Readers of this blog will recall that in 2017, the People’s Tribunal on Human Rights and Environmental Justice Impacts of Fracked Gas Infrastructure held a hearing in Charlottesville, Va. The event served to highlight the environmental injustices of a massive compressor station proposed in the largely black community of Union Hill, in Buckingham County, and to tie this project to the larger issues of systemic and ongoing racism that was so horrifically evident in our community just a few months prior.
In addition to testimonies from Union Hill residents and others directly impacted by proposed and existing fracked-gas pipelines and wells, the hearing featured renowned activist Lois Gibbs, environmental attorney and toxicologist Adrienne Hollis and anthropologist of indigenous and environmental justice James Igoe. The event was largely the result of efforts by Charlottesville-based anthropologist Lakshmi Fjord, who remains a stalwart ally of the Union Hill community.
This was one of many similar events around the globe that are shining a bright light on the myriad health, economic and environmental harms wrought by fracking operations on communities, most often marginalized and disenfranchised. Their call for justice continues to be heard.
The following is an open letter from Thomas Kerns, a professor at North Seattle College in Washington and a member of the steering group for the Permanent Peoples’ Tribunal Session on Human Rights, Fracking and Climate Change.
The Permanent Peoples’ Tribunal has just released its Advisory Opinion, recommending a worldwide ban on hydraulic fracturing, the extreme oil and gas extraction technique known as ‘fracking.’ The materials, and infrastructure of fracking inherently and necessarily violate human rights, the court decided in a Special Session on Human Rights, Fracking and Climate Change. The rights violated include the rights to life, to water, to full information and participation, and especially the rights of indigenous people, women and children.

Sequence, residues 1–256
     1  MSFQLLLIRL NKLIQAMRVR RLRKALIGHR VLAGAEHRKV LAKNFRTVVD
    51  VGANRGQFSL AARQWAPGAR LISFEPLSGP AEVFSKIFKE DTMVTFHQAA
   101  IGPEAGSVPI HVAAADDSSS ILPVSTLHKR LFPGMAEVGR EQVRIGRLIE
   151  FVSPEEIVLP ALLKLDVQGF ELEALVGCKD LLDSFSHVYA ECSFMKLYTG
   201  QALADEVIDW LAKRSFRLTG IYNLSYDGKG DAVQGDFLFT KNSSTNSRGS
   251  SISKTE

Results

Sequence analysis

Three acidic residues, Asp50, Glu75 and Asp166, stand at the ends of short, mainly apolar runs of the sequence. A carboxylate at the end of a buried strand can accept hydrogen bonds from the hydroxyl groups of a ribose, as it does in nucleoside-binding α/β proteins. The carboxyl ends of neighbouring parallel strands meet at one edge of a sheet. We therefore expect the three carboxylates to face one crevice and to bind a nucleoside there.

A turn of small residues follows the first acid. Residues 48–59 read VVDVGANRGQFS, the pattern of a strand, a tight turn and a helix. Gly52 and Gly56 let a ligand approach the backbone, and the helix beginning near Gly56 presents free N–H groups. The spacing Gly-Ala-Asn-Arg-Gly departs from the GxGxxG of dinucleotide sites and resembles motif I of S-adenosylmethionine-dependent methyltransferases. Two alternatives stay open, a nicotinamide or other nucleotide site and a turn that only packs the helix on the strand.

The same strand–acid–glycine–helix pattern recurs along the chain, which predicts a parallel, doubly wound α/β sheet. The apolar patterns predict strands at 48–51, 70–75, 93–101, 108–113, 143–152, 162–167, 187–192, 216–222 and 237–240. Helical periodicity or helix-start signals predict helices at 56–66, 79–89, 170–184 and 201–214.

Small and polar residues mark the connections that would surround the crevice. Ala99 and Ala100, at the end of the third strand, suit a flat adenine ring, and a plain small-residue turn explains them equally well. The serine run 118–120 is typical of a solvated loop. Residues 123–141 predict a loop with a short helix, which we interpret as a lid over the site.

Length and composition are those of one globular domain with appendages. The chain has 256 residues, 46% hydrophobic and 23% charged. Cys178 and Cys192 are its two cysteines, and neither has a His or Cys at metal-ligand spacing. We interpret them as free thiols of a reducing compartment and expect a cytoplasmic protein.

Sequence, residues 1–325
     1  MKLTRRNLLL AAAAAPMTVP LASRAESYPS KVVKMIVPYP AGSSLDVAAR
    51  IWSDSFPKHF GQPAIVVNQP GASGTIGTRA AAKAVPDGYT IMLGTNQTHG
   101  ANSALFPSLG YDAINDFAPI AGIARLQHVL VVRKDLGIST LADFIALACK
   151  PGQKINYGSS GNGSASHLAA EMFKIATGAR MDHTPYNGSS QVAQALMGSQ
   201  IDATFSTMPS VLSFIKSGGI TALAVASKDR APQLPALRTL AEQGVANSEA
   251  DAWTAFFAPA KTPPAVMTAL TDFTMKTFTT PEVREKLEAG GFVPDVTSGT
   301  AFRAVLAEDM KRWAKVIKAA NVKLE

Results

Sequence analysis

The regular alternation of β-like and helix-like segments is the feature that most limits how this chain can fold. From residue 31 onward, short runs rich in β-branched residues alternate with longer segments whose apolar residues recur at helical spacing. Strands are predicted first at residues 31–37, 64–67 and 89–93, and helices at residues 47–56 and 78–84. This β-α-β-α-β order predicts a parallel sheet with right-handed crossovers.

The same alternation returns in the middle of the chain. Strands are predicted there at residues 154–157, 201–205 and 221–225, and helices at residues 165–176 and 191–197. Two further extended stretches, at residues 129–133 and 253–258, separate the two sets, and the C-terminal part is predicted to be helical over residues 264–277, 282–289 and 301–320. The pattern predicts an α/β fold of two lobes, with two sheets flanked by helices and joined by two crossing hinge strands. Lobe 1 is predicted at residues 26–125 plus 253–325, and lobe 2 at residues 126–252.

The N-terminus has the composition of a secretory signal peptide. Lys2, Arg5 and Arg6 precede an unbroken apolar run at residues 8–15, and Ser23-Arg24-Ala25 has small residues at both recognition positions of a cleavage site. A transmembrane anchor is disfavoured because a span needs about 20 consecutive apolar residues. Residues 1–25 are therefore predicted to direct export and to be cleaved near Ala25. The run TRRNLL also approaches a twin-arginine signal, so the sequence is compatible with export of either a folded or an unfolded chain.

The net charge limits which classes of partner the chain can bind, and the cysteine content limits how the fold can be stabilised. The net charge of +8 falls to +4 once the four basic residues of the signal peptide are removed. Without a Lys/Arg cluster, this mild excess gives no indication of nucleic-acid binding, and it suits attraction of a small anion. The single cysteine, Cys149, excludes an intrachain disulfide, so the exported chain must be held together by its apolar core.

Governments have an affirmative obligation to protect the rights of their citizens, according to internationally recognized human-rights Covenants and Declarations. When governments fail to adequately regulate harmful oil and gas industry practices, they fail to meet their human rights obligations. And when governments fail to take measures to prevent the advance of climate change and its impacts on the rights to life, liberty, and security, they are failing to meet their internationally recognized human-rights obligations. Widespread government failures have created a global “axis of betrayal,” according to the international court, in which governments and fossil-fuel industries collude – at great cost to people and the planet – in human-rights violations to their mutual profit.
The Special Session was conducted for five days in May of 2018. Four Preliminary tribunals had been conducted in the months prior to the Plenary hearings. The Pre-tribunals included rich oral testimony from Australia, the US states of Ohio and Virginia, and other places, supporting documentation, and findings from those Pre-tribunal’s local judges. All materials and reports from those Pre-tribunal hearings, all the Plenary session’s oral testimony and arguments, all Plenary session reports, amicus curiae briefs and full documentation are available, in both video and text formats, on the website for the Permanent Peoples’ Tribunal Session on Human Rights, Fracking and Climate Change.Tom Kerns
for the PPT Steering Group
PS: And one more treat today: Kathleen Dean Moore’s reflections, recorded right after the conclusion of the Tribunal’s Plenary Session last May. You can hear, in Miranda Perrone’s interview with Kathleen, her remarks on the crucial importance of taking a human rights approach to climate change and fracking.
Dr. Tom Kerns:
Director, Environment and Human Rights Advisory
Steering Group, Permanent Peoples’ Tribunal Session on Human Rights, Fracking and Climate Change
Professor Emeritus, Department of Philosophy, North Seattle College, Seattle, WA
Online course: Environment and Human Rights
Book: Environmentally Induced Illnesses: Ethics, Risk Assessment and Human Rights